A professor at Cedarville University may get to keep his job after being fired for apparently pressing for a more conservative agenda than the extremely conservative position officially held by the Baptist college in southwestern Ohio.
The school’s doctrinal statement declares a firm belief in the inerrancy and infallibility of Scripture, along with the affirmation of a literal six-day creation. An additional statement adopted by the college trustees in August 2006 underscores a belief that objective truth not only exists but can be known by humans with absolute certainty.
It appears that professors David Hoffeditz and David Mappes were more absolutely certain than some of the other professors, creating dissension among the faculty. A faculty panel judged the university’s position to be that “Hoffeditz insisted that his colleagues adhere to doctrinal positions that are not in the [university’s] doctrinal statement,” according to a report by Baptist Press that cited a March 7 article in the The Chronicle of Higher Education, which requires a subscription for access.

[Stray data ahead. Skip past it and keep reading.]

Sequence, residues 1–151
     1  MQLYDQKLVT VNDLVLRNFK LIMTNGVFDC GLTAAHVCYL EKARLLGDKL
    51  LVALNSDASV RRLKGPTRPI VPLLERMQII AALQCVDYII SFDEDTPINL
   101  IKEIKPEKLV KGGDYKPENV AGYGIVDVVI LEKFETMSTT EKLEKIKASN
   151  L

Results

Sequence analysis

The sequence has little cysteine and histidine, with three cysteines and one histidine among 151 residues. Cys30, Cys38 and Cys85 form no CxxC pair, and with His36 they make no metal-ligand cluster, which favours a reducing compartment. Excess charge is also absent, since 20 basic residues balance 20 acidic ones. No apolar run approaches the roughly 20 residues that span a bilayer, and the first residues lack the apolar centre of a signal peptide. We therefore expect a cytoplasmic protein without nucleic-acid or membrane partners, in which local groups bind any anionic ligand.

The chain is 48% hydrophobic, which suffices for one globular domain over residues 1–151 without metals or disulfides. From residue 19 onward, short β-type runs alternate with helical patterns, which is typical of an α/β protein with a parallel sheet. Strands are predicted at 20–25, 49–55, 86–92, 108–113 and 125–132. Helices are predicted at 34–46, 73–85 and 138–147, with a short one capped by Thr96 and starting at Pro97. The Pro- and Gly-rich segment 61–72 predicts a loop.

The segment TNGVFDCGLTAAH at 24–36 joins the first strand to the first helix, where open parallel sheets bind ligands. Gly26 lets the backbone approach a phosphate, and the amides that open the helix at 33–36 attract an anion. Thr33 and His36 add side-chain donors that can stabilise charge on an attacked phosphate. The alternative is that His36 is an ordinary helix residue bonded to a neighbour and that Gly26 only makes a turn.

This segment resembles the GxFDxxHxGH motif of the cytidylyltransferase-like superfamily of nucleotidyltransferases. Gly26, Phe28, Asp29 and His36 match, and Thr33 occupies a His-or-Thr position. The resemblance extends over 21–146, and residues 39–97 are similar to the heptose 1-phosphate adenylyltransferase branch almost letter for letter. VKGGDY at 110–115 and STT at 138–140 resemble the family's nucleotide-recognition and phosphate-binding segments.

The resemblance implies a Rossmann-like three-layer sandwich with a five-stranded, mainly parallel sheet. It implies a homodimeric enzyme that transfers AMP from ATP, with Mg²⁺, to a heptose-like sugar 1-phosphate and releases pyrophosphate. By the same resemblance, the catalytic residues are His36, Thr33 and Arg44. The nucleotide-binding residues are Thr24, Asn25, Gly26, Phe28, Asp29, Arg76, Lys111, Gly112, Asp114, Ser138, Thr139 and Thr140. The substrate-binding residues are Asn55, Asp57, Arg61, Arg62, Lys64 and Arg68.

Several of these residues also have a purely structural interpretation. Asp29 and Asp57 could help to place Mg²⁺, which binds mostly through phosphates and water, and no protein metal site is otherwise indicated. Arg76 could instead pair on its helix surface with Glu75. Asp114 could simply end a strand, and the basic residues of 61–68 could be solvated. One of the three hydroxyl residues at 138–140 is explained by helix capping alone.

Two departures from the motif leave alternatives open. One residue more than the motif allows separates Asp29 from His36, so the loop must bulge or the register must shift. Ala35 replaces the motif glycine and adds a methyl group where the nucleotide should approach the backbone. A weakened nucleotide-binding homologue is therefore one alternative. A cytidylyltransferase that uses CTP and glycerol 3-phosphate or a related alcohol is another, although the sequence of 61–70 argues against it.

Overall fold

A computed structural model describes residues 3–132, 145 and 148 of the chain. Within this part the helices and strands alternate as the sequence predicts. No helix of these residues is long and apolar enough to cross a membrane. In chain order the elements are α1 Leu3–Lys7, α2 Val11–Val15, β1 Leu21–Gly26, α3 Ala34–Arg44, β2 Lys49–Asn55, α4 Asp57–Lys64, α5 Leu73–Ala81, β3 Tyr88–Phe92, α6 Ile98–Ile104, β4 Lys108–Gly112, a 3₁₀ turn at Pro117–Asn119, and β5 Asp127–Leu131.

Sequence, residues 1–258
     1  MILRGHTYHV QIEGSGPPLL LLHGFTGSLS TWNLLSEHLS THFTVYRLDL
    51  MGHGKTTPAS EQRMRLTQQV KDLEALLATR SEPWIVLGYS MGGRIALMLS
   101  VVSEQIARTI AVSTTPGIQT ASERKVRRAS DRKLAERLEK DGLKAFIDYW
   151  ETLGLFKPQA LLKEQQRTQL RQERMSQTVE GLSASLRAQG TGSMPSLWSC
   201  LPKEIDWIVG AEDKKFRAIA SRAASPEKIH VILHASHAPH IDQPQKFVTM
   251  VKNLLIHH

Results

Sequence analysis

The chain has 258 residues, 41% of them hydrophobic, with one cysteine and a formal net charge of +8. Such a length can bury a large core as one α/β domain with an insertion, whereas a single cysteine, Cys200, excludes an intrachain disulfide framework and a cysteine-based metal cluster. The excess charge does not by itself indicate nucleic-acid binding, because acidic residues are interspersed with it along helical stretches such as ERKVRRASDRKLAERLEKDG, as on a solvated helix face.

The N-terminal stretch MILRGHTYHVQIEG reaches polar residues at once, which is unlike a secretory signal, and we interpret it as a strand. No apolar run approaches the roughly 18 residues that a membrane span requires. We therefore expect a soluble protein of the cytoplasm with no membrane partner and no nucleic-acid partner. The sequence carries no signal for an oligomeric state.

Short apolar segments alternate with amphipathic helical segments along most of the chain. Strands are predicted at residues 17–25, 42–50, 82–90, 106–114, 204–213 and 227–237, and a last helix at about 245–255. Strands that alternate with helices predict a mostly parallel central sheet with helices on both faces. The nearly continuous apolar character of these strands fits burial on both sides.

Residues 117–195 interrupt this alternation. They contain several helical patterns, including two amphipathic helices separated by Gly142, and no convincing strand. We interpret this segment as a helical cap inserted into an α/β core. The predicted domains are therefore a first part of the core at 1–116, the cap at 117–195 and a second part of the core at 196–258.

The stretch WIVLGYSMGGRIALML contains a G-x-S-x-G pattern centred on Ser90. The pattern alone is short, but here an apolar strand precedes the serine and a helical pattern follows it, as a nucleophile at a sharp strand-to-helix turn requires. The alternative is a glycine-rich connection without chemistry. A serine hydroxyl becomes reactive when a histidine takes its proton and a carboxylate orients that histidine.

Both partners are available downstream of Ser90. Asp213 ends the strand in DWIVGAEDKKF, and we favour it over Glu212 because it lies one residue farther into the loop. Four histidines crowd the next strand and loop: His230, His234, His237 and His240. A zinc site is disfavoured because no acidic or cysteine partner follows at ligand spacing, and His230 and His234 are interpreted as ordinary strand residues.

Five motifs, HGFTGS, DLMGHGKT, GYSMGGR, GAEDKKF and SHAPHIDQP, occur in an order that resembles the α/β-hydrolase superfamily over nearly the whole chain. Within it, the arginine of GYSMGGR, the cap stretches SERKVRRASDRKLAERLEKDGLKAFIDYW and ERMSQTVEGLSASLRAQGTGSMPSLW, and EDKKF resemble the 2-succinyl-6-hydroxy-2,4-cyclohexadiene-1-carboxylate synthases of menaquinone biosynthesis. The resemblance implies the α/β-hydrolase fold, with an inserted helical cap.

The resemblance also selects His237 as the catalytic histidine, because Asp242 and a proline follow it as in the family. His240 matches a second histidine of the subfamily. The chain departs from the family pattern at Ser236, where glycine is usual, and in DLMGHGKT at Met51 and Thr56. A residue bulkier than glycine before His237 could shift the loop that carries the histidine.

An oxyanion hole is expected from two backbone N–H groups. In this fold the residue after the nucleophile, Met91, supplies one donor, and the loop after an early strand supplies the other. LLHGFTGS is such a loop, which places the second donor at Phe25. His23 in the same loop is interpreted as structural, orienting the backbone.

Hoffeditz and Mappes, both graduates of Dallas Theological Seminary, considered themselves theologically more conservative on the issue of truth than other professors in the department, according to The Chronicle. Hoffeditz appealed the non-renewal of his contract, and won a split-decision from a faculty panel, which cited “administrative missteps.”
A posting on the university website explains what administrative steps were taken and notes that one of the professors declined to meet with administrators. The professors’ activities had diverted too much attention from the university’s primary focus, according to the statement, and their termination was designed “to return the department of biblical education to its heritage of collegiality and academic dialogue.”
What’s amazing to me is that a biblical studies department whose professors are uniformly committed to biblical inerrancy and a literal six-day creation could have a problem with colleagues pressing for even more conservative positions. What position can be more biblically conservative than literalistic inerrancy?
I’m not sure I want to know — but I am fairly confident that absolute certainty about God, the Bible, or ultimate truth cannot be obtained without a substantial measure of self-deception. Neither quality is helpful in the setting of a Christian university.
Professor of Old Testament at Campbell University Divinity School in Buies Creek, North Carolina, and the Contributing Editor and Curriculum Writer at Good Faith Media.